Hard X-ray fluorescence (XRF) microscopy offers unparalleled sensitivity for quantitative analysis of most of the trace elements in biological samples, such as Fe, Cu, and Zn. These trace elements play critical roles in many biological processes. With the advanced nano-focusing optics, nowadays hard X-rays can be focused down to 30 nm or below and can probe trace elements within subcellular compartments. However, XRF imaging does not usually reveal much information on ultrastructure, because the main constituents of biomaterials, i.e. H, C, N, and O, have low fluorescence yield and little absorption contrast at multi-keV X-ray energies. An alternative technique for imaging ultrastructure is ptychography. One can record far-field diffraction patterns from a coherently illuminated sample, and then reconstruct the complex transmission function of the sample. In theory the spatial resolution of ptychography can reach the wavelength limit. In this manuscript, we will describe the implementation of ptychography at the Bionanoprobe (a recently developed hard XRF nanoprobe at the Advanced Photon Source) and demonstrate simultaneous ptychographic and XRF imaging of frozen-hydrated biological whole cells. This method allows locating trace elements within the subcellular structures of biological samples with high spatial resolution. Additionally, both ptychographic and XRF imaging are compatible with tomographic approach for 3D visualization.
X-ray fluorescence offers unparalleled sensitivity for imaging the nanoscale distribution of trace elements in micrometer thick samples, while x-ray ptychography offers an approach to image weakly fluorescing lighter elements at a resolution beyond that of the x-ray lens used. These methods can be used in combination, and in continuous scan mode for rapid data acquisition when using multiple probe mode reconstruction methods. We discuss here the opportunities and limitations of making use of additional information provided by ptychography to improve x-ray fluorescence images in two ways: by using position-error-correction algorithms to correct for scan distortions in fluorescence scans, and by considering the signal-to-noise limits on previously-demonstrated ptychographic probe deconvolution methods. This highlights the advantages of using a combined approach.
Hybrid Reality Environments represent a new kind of visualization spaces that blur the line between virtual
environments and high resolution tiled display walls. This paper outlines the design and implementation of the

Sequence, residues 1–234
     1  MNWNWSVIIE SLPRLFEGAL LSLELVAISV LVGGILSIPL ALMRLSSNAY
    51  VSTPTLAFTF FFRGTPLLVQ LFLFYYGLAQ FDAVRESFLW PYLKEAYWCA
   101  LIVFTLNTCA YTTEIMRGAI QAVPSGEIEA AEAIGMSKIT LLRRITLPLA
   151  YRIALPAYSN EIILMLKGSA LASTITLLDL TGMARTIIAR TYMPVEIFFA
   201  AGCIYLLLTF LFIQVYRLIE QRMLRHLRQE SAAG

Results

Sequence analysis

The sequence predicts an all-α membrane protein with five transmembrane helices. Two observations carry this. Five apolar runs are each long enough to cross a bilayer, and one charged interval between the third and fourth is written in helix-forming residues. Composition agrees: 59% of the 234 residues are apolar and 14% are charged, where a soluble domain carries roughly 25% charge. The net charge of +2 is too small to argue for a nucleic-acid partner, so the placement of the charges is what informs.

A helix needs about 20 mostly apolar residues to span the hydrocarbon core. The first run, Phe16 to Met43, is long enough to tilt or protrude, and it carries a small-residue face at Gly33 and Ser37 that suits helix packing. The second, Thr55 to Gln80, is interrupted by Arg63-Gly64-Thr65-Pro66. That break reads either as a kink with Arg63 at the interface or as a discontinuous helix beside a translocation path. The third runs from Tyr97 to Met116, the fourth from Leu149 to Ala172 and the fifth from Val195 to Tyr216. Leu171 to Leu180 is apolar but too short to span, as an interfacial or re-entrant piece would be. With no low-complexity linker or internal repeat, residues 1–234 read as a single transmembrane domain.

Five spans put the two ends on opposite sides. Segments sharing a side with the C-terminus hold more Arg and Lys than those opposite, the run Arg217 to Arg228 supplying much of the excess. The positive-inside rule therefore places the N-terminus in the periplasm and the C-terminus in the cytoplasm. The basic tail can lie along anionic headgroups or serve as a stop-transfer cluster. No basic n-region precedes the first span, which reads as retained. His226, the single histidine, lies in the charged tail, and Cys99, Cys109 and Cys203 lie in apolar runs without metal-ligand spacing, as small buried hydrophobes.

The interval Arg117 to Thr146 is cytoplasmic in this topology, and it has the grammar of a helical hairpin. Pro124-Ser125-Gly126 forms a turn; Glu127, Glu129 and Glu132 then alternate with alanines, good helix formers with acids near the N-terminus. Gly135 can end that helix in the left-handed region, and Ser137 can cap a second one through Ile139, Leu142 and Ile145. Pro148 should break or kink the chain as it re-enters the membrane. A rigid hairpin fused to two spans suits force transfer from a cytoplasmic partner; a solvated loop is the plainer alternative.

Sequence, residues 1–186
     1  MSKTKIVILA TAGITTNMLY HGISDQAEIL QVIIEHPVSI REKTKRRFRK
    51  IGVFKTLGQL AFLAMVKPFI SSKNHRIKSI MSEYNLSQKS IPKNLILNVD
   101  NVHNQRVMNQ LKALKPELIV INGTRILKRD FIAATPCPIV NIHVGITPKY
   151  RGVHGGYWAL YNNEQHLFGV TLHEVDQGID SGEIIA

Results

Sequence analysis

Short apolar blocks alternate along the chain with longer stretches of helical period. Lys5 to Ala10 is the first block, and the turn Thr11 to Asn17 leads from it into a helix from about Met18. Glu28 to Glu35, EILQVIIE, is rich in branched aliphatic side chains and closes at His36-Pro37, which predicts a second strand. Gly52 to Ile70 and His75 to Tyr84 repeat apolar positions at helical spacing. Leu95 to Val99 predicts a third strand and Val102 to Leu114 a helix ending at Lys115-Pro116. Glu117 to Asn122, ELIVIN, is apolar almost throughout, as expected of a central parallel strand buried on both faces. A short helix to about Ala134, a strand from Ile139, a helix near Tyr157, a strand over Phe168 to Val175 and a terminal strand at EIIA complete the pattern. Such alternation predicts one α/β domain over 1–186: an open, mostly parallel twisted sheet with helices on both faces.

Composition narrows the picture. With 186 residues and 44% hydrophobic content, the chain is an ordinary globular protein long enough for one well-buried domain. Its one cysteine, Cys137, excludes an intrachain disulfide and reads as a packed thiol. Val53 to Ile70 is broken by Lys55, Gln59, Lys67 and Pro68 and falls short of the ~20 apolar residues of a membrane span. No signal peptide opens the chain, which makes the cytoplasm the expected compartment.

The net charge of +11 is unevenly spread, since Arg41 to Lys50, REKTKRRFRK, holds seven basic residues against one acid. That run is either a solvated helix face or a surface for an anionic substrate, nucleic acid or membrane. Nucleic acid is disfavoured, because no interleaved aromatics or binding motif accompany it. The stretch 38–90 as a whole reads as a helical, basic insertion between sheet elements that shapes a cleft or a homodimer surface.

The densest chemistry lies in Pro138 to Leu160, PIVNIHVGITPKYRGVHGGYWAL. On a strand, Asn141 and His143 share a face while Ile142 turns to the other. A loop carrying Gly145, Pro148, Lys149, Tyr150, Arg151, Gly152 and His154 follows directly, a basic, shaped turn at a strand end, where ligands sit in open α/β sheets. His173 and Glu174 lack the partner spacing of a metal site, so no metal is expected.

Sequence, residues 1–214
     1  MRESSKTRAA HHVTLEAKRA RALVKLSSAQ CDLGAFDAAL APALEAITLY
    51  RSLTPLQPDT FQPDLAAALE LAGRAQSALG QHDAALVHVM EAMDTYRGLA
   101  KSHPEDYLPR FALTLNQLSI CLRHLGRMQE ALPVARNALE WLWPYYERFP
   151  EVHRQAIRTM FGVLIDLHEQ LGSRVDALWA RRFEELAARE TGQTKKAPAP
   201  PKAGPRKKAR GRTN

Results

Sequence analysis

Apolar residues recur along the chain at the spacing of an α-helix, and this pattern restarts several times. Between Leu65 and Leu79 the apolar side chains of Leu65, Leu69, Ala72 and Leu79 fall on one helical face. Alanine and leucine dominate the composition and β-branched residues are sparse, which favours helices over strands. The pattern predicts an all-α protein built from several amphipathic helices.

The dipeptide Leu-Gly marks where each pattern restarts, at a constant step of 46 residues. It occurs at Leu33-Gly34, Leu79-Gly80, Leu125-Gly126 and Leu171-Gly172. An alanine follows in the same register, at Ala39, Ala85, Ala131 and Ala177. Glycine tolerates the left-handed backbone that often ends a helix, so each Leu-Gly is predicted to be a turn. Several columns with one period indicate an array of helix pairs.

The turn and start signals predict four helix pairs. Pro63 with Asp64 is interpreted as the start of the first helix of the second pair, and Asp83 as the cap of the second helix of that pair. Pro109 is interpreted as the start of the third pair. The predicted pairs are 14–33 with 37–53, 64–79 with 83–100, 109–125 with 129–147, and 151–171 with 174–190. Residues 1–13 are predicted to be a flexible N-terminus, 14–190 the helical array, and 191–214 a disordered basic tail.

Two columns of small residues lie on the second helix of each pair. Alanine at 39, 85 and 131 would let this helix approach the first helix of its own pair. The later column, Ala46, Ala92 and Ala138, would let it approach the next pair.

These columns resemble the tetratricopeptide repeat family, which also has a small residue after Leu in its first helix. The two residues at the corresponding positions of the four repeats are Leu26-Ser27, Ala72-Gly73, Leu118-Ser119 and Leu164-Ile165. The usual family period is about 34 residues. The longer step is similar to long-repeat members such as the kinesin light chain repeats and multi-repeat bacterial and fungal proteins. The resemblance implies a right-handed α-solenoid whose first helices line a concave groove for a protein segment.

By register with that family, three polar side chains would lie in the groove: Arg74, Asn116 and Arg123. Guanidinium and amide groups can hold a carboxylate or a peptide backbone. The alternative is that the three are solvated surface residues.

CAVE2TM Hybrid Reality Environment. CAVE2 is the world’s first near-seamless flat-panel-based, surround-screen immersive system. Unique to CAVE2 is that it will enable users to simultaneously view both 2D and 3D information, providing more flexibility for mixed media applications. CAVE2 is a cylindrical system of 24 feet in diameter and 8 feet tall, and consists of 72 near-seamless, off-axisoptimized passive stereo LCD panels, creating an approximately 320 degree panoramic environment for displaying information at 37 Megapixels (in stereoscopic 3D) or 74 Megapixels in 2D and at a horizontal visual acuity of 20/20. Custom LCD panels with shifted polarizers were built so the images in the top and bottom rows of LCDs are optimized for vertical off-center viewing- allowing viewers to come closer to the displays while minimizing ghosting. CAVE2 is designed to support multiple operating modes. In the Fully Immersive mode, the entire room can be dedicated to one virtual simulation. In 2D model, the room can operate like a traditional tiled display wall enabling users to work with large numbers of documents at the same time. In the Hybrid mode, a mixture of both 2D and 3D applications can be simultaneously supported. The ability to treat immersive work spaces in this Hybrid way has never been achieved before, and leverages the special abilities of CAVE2 to enable researchers to seamlessly interact with large collections of 2D and 3D data. To realize this hybrid ability, we merged the Scalable Adaptive Graphics Environment (SAGE) - a system for supporting 2D tiled displays, with Omegalib - a virtual reality middleware supporting OpenGL, OpenSceneGraph and Vtk applications.
We present a novel immersive workstation environment that scientists can use for 3D data exploration and as their everyday
2D computer monitor. Our implementation is based on an autostereoscopic dynamic parallax barrier 2D/3D display, interactive